Women in politics: Why Ottawa isn’t quite as equal as we think it is

GiC Baseline 2016.010Good story from the past.

Clearly, current government is determined to do better with GiC and other appointments (see my earlier baseline analysis Governor in Council Appointments – 2016 Baseline):

One day when Penny Collenette was director of appointments for Prime Minister Jean Chrétien, her executive assistant slunk into her office clutching a list. “You’re not going to like this,” she said. Collenette looked at it: 18 people recommended for an advisory group on a sensitive public policy issue. All of them were men.

Before the Liberal government was elected in 1993, they made a campaign promise to appoint more women. When they took office, Collenette asked to see the numbers: of about 3,000 people appointed by governor-in-council — deputy ministers, heads of agencies, Crown corporations, ambassadors, judges, returning officers and commission members — women made up between 26 and 29 per cent. Over the first year or so, Collenette kept an eye on that number like it was a stock ticker. With each list of proposed names, the proportion of women nudged upward, bit by bit.

She knew what this list of 18 men was going to do to the progress they’d made. She had a good relationship with the minister in question — even years later, she won’t say which one — so she called him up to say his department needed to do better. He whined a little, but three weeks later produced a new list: nearly half were women, and a few were Indigenous women, too. By the time Collenette left in 1997, the proportion of women in those posts had reached 39 per cent. “In a way, I suppose it was just naïveté,” she says. “We said we were going to do it, so I thought I guess we’d better do it. And of course, personally I wanted to.”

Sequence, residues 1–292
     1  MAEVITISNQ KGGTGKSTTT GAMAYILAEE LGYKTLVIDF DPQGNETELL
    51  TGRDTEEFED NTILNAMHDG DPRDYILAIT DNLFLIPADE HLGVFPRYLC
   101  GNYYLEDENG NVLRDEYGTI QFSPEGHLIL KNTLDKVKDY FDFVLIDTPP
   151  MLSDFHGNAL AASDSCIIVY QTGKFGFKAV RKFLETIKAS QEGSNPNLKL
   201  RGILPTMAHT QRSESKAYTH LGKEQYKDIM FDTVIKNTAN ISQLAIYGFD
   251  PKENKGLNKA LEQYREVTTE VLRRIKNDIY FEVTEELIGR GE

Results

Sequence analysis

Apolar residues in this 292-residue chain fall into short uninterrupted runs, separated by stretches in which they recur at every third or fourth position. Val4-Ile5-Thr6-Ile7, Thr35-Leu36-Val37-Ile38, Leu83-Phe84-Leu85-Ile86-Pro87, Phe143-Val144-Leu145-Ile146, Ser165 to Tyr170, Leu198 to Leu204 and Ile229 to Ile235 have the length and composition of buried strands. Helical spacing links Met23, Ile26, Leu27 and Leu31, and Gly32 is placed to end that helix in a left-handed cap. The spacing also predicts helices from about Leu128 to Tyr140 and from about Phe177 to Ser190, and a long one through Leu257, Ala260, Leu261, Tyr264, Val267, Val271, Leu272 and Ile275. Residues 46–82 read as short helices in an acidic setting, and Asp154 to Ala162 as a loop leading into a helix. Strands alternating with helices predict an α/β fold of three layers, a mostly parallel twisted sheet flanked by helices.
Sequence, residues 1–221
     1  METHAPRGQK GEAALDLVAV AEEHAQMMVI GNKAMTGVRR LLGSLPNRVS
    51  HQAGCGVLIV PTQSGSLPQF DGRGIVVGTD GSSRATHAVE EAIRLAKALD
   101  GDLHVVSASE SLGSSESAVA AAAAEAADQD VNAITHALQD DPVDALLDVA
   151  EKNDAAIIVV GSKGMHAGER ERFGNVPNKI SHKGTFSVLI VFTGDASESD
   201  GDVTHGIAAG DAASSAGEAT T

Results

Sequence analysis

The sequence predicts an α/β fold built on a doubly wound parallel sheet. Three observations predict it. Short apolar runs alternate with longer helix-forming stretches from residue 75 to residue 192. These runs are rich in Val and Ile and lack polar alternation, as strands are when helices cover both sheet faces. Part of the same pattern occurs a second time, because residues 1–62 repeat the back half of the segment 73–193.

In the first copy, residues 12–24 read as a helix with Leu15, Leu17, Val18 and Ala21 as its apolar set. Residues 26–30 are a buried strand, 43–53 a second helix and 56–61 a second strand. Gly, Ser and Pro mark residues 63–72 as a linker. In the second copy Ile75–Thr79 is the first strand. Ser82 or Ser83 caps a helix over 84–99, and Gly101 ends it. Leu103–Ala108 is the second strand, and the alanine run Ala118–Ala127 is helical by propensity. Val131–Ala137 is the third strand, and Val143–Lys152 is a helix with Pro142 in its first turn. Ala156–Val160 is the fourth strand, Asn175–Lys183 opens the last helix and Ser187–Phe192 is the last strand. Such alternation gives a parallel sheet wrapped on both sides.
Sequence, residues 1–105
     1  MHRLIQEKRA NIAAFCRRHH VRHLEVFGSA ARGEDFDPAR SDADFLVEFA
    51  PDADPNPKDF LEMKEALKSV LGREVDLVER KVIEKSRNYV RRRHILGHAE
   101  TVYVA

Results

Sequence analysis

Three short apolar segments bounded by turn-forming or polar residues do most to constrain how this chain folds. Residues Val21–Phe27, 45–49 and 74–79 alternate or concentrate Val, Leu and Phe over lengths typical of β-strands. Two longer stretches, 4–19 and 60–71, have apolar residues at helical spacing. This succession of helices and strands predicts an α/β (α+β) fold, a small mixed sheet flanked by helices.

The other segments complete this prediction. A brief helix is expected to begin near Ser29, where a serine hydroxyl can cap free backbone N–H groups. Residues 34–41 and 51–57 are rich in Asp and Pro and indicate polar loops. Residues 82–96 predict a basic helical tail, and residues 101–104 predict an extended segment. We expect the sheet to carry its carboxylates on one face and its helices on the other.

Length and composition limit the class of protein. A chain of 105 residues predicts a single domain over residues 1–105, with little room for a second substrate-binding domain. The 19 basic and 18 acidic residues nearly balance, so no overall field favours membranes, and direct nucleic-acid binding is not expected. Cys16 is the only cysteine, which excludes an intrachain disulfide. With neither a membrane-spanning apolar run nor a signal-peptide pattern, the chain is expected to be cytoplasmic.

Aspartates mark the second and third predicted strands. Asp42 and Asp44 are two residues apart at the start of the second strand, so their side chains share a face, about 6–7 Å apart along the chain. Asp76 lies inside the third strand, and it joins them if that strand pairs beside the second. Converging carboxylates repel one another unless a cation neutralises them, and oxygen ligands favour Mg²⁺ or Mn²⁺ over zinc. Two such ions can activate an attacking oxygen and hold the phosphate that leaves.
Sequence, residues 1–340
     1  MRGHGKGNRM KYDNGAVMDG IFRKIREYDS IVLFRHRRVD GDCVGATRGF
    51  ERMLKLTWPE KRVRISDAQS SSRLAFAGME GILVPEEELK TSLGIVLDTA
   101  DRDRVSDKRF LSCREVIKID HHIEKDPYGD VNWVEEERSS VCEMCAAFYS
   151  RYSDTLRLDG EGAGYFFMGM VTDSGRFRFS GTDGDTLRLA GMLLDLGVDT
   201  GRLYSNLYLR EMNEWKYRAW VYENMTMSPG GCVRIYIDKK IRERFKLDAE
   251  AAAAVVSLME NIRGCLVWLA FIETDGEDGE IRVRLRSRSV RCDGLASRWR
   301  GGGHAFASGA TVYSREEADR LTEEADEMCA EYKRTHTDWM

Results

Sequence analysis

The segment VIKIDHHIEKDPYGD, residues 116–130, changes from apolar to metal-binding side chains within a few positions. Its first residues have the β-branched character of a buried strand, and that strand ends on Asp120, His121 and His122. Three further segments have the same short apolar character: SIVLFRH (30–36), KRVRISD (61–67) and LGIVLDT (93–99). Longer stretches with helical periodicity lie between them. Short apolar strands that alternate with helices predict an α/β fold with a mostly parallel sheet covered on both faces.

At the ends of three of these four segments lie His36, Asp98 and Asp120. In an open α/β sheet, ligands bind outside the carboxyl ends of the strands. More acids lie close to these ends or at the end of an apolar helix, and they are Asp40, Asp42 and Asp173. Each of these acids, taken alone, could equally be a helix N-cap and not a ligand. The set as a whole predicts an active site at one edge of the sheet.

Two decades on, lagging progress — the ranks of women in top government positions is now lower than when Collenette left — has spurred a raft of highly visible attempts to rebalance the scales in Canadian politics and public service. The blunt, by-the-numbers approach of affirmative action is an imperfect and sometimes controversial way to move the ball forward, but­­ — particularly in politics — it may be the only way to upend the entrenched systems that favour men and overlook women. “That we’re still so far behind on this one suggests there are still some really pernicious ideas about women in politics,” says Melanee Thomas, a professor of political science at the University of Calgary. A large and growing number of countries employ gender quotas in politics, and many have seen dramatic improvements in representation as a result. Canada is well behind, and the country’s ranking on gender equity has been slipping for years. The major roadblock is also where the clearest solution lies: with political parties and nominations. “If parties demanded that this would be different, it would be different,” Thomas says.

Source: Women in politics: Why Ottawa isn’t quite as equal as we think it is

About Andrew
Andrew blogs and tweets public policy issues, particularly the relationship between the political and bureaucratic levels, citizenship and multiculturalism. His latest book, Policy Arrogance or Innocent Bias, recounts his experience as a senior public servant in this area.

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